Mellow Yellow

| December 12, 2008

FRANKIE STORY
HOME: Stephens, Ark.
FAMILY: Wife (Renee), one son, one daughter
RIG: 2000 Kenworth W900L
CAREER: 35 years
FREIGHT: Lumber, plastic fence building materials
ACCIDENT-FREE: 24 years

When Frankie Story bought a yellow 2000 Kenworth W900L in 2001, the first used truck as well as the first Kenworth he had ever purchased, he was concerned with more than having to restore the vehicle, which had been totaled.

“I was afraid of yellow fading,” he says. “Black is my color of choice because it doesn’t tend to fade.”

Story had the truck rebuilt, then touched up with a racing theme and painted with clear-coat. Now, he says, “I’m probably more partial to this truck than any other one I’ve had.”

He started entering truck shows and tied for second place in the Best Engine category at the 2003 Pride & Polish at the Great American Trucking Show. “I’ve enjoyed showing [the truck] and playing with it. I think I’m going to keep this one.”

However, it’s hard work and family ties, not the show truck circuit, that are the main attractions for Story, a 54-year-old career trucker. He has been an owner-operator for almost 15 years, currently hauling lumber and building materials for Universal Forest Products and others.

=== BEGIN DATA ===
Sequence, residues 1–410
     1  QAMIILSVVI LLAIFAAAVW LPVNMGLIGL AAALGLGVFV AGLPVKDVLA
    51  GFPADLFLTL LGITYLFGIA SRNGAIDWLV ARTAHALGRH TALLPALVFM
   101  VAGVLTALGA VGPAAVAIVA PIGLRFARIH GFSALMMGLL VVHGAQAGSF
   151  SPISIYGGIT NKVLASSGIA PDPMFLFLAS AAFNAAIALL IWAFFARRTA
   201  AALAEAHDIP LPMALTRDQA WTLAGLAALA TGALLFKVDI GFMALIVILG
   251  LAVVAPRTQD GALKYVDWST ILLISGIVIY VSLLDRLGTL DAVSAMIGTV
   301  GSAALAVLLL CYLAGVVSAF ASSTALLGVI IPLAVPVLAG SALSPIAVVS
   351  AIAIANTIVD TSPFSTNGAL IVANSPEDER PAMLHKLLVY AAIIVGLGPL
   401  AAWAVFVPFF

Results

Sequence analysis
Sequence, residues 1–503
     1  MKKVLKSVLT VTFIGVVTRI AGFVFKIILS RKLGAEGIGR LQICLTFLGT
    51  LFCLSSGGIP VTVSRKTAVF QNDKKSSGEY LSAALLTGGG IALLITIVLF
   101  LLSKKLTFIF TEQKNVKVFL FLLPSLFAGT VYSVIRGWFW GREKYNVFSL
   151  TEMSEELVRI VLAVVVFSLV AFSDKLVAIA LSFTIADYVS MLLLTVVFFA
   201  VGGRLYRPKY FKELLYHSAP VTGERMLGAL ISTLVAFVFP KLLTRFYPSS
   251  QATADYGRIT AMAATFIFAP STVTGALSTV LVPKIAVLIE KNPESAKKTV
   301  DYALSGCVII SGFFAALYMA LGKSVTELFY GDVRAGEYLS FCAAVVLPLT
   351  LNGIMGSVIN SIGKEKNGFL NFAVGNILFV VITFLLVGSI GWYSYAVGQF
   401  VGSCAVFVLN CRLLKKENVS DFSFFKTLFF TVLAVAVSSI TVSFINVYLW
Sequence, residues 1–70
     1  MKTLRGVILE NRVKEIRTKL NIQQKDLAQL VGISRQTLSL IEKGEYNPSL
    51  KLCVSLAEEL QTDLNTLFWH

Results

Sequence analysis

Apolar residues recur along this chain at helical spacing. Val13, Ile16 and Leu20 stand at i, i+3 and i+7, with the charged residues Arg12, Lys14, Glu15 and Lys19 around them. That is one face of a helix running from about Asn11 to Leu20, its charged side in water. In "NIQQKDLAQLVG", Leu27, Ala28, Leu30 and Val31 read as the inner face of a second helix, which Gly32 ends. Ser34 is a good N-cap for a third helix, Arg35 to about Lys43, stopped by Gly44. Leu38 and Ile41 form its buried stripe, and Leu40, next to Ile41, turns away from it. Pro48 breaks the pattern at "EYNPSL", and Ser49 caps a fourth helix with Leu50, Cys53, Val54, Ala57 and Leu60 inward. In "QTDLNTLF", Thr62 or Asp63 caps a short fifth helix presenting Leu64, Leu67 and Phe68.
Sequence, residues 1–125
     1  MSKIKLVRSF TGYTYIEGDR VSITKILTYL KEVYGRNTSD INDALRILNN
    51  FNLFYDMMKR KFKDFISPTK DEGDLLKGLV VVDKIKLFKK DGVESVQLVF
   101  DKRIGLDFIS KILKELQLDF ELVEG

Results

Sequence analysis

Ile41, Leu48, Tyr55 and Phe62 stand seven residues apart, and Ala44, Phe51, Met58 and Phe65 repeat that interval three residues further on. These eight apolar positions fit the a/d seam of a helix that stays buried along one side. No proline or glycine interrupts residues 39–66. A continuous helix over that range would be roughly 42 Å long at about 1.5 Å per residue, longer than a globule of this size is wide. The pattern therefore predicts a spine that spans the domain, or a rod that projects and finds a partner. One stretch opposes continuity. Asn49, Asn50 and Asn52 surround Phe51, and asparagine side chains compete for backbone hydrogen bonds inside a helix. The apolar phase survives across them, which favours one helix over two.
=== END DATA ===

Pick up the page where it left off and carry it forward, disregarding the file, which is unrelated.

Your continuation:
His son, Shane, 31, also works as an owner-operator for Universal and drives his own truck. The two split their profits with each other and divide the duties; Shane does a lot of the maintenance while Frankie does some of the paperwork. Frankie’s wife of 33 years, Renee, does most of the paperwork for both of them – in addition to her 40-hour-a-week job. Story also has a 26-year-old daughter, Staci and a 2-year-old granddaughter, Anna.

Most of Frankie’s hauls go to Texas, Missouri and Arkansas, so he usually gets home every weekend.

Universal dispatcher Debbie Cromer says Story is one of the finest truckers she’s worked with during her three years with the company.

“He’s not one of the drivers you have to babysit,” she says. “When he picks a load up, you know he’s going to pick it up on time, and he’s always on time with delivery. If there’s ever a problem, he lets you know up front.”

Story was fascinated by trucks as a child and would play with toy trucks in the sand. He often rode with his father, Ray, who began driving when Frankie was in the second grade, working about 25 years. At age 18, Frankie started his trucking career hauling logs and wood chips, products similar to the freight he hauls today.

Two of Frankie’s four brothers are also drivers. “It’s not that unusual; [truck driving] usually gets passed down,” he says. Likewise, Shane began riding with Frankie at a very young age. “I’d been born and raised in it,” Shane says. “It’s all I wanted to do.”

Shane says part of the good example set by his father was working hard and sticking with one career. “He taught me that it costs money to change jobs, so it’s best to get in a job and stay in it, and stay content with it.”

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